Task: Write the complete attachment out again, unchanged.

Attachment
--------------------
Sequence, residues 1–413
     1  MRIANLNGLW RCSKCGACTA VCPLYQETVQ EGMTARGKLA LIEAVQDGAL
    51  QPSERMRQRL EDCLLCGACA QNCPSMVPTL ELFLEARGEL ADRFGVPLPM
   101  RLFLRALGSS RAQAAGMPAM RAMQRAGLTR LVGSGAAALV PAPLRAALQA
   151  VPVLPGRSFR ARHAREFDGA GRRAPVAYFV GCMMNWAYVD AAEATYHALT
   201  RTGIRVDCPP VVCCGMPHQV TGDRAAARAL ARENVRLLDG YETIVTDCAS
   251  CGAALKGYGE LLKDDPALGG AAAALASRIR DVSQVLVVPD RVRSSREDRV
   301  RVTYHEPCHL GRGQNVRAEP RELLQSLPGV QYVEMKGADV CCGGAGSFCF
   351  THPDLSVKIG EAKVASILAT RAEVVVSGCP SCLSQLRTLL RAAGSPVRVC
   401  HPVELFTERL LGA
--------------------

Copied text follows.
Sequence, residues 1–413
     1  MRIANLNGLW RCSKCGACTA VCPLYQETVQ EGMTARGKLA LIEAVQDGAL
    51  QPSERMRQRL EDCLLCGACA QNCPSMVPTL ELFLEARGEL ADRFGVPLPM
   101  RLFLRALGSS RAQAAGMPAM RAMQRAGLTR LVGSGAAALV PAPLRAALQA
   151  VPVLPGRSFR ARHAREFDGA GRRAPVAYFV GCMMNWAYVD AAEATYHALT
   201  RTGIRVDCPP VVCCGMPHQV TGDRAAARAL ARENVRLLDG YETIVTDCAS
   251  CGAALKGYGE LLKDDPALGG AAAALASRIR DVSQVLVVPD RVRSSREDRV
   301  RVTYHEPCHL GRGQNVRAEP RELLQSLPGV QYVEMKGADV CCGGAGSFCF
   351  THPDLSVKIG EAKVASILAT RAEVVVSGCP SCLSQLRTLL RAAGSPVRVC
   401  HPVELFTERL LGA